An official code of conduct often is a valuable driver for a company’s culture and performance. It affects employee behavior by reinforcing the good and discouraging the bad, helping a company thrive and perform to its fullest abilities.
Most companies are missing an opportunity, according to LRN's new report, From Rules to Values: Effective Codes of Conduct, based on an analysis of nearly 100 publicly available company codes.
Only 30% of the codes that are reviewed are in line with practices that really make a positive difference. One-third are below overall minimum standards, based on a framework aligned with guidelines put forth by the New York Stock Exchange, Nasdaq, and the U.S. Department of Justice.
An effective code is more than a list of rules and regulations; it inspires principled performance, guides employees in how to live the organization’s values, and enables them to be aware of risks and make ethical decisions.
Companies instill trust and reinforce the organization’s culture, business, and brand by providing employees with the tools needed to make ethical decisions.
Most of the codes that were analyzed by LRN are missing the criteria necessary to facilitate ethical decision-making, elevate risk awareness and mitigation, and instruct employees on how to get help or more information.
Knowledge reinforcement, which is critical to understanding and adhering to a code, is largely absent. One in 10 of the codes are considered strong in this area.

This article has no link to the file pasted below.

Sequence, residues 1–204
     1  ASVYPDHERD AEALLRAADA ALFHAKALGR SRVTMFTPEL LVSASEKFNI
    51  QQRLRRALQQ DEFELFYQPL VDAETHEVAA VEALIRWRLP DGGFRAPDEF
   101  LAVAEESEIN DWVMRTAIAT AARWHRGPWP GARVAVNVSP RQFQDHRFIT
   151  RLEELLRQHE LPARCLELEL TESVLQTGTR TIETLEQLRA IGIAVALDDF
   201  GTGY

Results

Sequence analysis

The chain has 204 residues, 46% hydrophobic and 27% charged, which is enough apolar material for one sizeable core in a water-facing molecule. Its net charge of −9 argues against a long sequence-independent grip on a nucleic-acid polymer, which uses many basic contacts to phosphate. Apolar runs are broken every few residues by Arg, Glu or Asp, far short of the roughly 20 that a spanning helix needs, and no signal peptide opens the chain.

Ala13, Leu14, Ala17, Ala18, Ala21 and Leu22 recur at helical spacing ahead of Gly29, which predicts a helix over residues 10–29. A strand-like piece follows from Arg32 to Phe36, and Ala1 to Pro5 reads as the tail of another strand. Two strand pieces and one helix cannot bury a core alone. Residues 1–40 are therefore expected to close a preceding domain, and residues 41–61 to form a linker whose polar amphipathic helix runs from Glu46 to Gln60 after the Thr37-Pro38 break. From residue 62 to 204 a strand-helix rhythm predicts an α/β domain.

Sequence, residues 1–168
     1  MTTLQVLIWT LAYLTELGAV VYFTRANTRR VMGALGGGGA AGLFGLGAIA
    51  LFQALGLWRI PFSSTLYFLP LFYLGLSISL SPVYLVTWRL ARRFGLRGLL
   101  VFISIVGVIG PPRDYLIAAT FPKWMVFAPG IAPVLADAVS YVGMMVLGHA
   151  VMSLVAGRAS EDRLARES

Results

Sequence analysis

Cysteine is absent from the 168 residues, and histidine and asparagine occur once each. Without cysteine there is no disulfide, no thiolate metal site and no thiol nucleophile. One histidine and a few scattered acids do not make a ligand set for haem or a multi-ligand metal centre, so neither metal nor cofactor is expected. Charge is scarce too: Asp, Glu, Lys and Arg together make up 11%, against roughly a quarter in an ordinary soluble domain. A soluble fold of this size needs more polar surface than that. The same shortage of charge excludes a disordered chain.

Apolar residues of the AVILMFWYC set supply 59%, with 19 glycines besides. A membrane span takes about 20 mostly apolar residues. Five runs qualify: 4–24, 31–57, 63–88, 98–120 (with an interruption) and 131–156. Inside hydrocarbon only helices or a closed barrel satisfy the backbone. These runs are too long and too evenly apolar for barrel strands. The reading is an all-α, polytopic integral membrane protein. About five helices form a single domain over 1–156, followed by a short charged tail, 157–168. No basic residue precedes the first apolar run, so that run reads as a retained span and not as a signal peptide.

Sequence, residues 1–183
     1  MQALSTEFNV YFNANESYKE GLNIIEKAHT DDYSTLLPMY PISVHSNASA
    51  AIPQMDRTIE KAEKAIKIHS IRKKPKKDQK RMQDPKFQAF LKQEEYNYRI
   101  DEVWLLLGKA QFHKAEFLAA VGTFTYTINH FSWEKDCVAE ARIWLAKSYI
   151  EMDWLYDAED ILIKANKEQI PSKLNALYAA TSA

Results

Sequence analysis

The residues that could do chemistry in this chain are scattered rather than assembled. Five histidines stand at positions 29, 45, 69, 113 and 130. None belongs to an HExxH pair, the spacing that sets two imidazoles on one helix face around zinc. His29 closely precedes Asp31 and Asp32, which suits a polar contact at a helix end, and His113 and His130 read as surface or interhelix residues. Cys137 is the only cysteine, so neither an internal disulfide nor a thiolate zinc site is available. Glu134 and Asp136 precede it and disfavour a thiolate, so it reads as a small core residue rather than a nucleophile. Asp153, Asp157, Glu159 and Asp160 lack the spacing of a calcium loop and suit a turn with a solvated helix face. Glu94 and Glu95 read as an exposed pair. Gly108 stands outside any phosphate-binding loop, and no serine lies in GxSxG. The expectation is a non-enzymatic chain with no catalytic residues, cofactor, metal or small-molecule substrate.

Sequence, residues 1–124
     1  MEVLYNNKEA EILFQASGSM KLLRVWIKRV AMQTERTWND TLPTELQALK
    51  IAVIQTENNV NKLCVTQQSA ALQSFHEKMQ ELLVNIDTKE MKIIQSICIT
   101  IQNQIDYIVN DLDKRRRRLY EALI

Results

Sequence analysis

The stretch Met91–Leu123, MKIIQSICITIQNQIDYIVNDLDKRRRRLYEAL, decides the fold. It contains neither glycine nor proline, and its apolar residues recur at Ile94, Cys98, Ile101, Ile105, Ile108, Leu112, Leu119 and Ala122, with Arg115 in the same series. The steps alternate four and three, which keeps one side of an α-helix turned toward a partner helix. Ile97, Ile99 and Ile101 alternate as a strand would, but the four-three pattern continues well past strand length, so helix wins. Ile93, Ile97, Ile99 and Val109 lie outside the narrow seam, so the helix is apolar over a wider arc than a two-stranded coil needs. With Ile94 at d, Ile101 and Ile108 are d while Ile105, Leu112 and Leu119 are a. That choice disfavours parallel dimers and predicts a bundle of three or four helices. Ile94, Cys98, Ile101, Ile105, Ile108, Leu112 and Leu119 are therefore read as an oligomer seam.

Many codes lack the necessary information to reinforce ethical behavior.
Two-thirds of the codes reference organizational values, while half of those articulate values in behavioral terms. Many codes fall short of addressing key risk areas, including those relating to data privacy, social media, diversity and inclusion, and human rights.
While 70% of codes include details on hotline reporting, fewer than half discuss confidential and anonymous reporting and the procedure for investigation of misconduct, making the process of recognizing and addressing bad behavior difficult to uphold.
One positive: The days of text-heavy, legalistic, rules-based codes is long passed, said LRN’s Jim Walton. Codes have evolved from compliance manuals to easy-to-follow guides on employees’ day-to-day behavior.
“A code should be a gateway to a company’s entire E&C program, policies and training. Employees should be able to come back easily to the code time and again for answers to questions, more information, or when they simply need support to do the right thing,” said LRN’s Dana Vazquez.
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